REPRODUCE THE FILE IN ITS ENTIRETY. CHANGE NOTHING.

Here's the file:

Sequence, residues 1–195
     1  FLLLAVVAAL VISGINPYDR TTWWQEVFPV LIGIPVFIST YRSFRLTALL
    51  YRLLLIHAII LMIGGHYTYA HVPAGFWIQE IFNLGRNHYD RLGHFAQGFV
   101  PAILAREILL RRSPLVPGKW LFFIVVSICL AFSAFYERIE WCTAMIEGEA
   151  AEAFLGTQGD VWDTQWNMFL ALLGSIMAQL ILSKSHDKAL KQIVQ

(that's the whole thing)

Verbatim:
Sequence, residues 1–195
     1  FLLLAVVAAL VISGINPYDR TTWWQEVFPV LIGIPVFIST YRSFRLTALL
    51  YRLLLIHAII LMIGGHYTYA HVPAGFWIQE IFNLGRNHYD RLGHFAQGFV
   101  PAILAREILL RRSPLVPGKW LFFIVVSICL AFSAFYERIE WCTAMIEGEA
   151  AEAFLGTQGD VWDTQWNMFL ALLGSIMAQL ILSKSHDKAL KQIVQ